Home > math education > HCSSiM Workshop, day 12

## HCSSiM Workshop, day 12

July 15, 2012

This is a continuation of this, where I take notes on my workshop at HCSSiM.

We originally defined $\mathbb{C}$ as $\mathbb{R}[x]/(x^2+1),$ and now we re-introduce it as the set of matrices of the form with the obvious map where $a + bi$ is sent to: After we reminded people about matrix addition and multiplication, we showed this was an injective homomorphism under addition and also jived with the multiplication that we knew coming from $\mathbb{C}.$ Overall our lesson was not so different from this one.

Then we talked about actions on the plane including translations and scaling and showed that under the above map, “multiplication by $r e^{i \theta}$” or by its corresponding matrix gives us the same thing.

Platonic Solids

We went over the 5 platonic solids from yesterday- we’d proved it was impossible to have more than 5, and now it was time to show all 5 are actually possible! That’s when we whipped out Wayne Daniel’s “all five” puzzle: We then introduced the concept of dual graph, and showed which platonic solids go to which under this map. We saw an example of a toy which flips from one platonic solid (cube) to its dual (octahedron) when you toss it in the air, the Hoberman Flip Out. Here is it in between states: Finally, we talked about symmetries of regular polyhedra and saw how we could embed an action into the group of symmetries on its vertices. So symmetries on tetrahedra is a subgroup of $S_4$. It’s a lot easier to understand how to play with 4 numbers than to think about moving around a toy, so this is a good thing. Although it’s more fun to play with a toy.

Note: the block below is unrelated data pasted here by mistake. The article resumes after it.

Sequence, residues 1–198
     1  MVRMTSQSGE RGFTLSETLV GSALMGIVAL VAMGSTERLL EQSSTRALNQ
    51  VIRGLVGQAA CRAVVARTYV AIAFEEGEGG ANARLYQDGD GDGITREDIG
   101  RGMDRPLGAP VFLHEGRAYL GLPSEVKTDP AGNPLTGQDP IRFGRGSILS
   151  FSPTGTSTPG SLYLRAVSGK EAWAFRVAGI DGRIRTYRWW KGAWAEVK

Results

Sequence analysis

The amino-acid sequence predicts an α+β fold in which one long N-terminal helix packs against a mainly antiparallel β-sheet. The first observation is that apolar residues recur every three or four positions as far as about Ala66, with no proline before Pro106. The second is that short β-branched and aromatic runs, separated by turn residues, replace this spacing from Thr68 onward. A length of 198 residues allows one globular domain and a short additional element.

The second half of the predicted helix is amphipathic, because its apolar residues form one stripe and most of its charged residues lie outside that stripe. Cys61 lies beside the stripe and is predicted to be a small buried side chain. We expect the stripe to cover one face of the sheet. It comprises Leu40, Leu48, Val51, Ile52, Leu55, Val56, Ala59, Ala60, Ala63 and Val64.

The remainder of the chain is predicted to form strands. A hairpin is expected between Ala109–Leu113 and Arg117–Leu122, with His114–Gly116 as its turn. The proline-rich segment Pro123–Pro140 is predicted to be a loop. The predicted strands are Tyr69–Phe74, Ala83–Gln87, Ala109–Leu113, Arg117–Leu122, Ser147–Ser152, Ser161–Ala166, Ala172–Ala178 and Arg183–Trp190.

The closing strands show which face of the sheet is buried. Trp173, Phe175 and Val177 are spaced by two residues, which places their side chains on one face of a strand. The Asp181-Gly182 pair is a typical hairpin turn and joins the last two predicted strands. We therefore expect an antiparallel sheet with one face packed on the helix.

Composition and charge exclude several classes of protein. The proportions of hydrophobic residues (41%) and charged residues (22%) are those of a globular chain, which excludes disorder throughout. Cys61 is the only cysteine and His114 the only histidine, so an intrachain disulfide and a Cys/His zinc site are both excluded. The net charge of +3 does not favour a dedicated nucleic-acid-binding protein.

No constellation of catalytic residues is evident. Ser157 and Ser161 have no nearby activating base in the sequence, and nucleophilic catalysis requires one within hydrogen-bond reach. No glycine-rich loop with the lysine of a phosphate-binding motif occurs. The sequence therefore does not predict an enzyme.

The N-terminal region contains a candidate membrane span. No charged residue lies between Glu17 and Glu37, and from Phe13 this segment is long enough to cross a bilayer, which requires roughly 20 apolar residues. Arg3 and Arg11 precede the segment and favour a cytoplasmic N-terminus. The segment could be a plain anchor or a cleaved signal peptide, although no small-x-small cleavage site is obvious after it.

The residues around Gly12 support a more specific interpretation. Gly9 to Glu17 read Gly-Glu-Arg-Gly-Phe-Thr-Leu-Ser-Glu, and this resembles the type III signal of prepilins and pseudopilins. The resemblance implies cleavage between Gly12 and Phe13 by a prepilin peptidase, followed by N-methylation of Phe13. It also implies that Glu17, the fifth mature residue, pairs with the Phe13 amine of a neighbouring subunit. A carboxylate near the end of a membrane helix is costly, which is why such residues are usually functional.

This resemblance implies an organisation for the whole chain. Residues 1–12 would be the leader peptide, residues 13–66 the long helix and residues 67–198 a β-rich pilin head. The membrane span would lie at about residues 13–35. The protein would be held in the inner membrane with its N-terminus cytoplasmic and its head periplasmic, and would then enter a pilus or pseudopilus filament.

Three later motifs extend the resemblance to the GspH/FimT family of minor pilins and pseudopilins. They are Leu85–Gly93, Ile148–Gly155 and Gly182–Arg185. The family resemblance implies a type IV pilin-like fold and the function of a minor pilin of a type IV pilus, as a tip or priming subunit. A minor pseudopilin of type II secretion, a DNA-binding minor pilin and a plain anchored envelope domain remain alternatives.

Then one of our students, Milo, showed us how he projected a tiling of the plane onto the surface of a sphere using the language “processing“. Unbelievable.

After that we went to an origami workshop to construct yellow pigs as well as platonic solid type structures.

Categories: math education
1. July 16, 2012 at 5:43 pm

Does your version of the complex number field come equipped with a distinguished square root of minus one? As you almost certainly know, some mathematicians expend nontrivial effort to avoid making such a choice.

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• July 16, 2012 at 8:37 pm

Why would anyone waste time on that?

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• July 17, 2012 at 6:14 am

That is a good question – if you happen to meet the author of this MathOverflow question, you might ask him: http://mathoverflow.net/questions/45638/

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2. September 12, 2012 at 3:06 am

It is definitly time to refresh my math skills. I received an A+ on my trig class, just wish I still knew the material.

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1. July 17, 2012 at 6:40 am
2. July 25, 2012 at 11:50 am
3. December 10, 2012 at 11:09 pm
4. March 31, 2013 at 12:44 am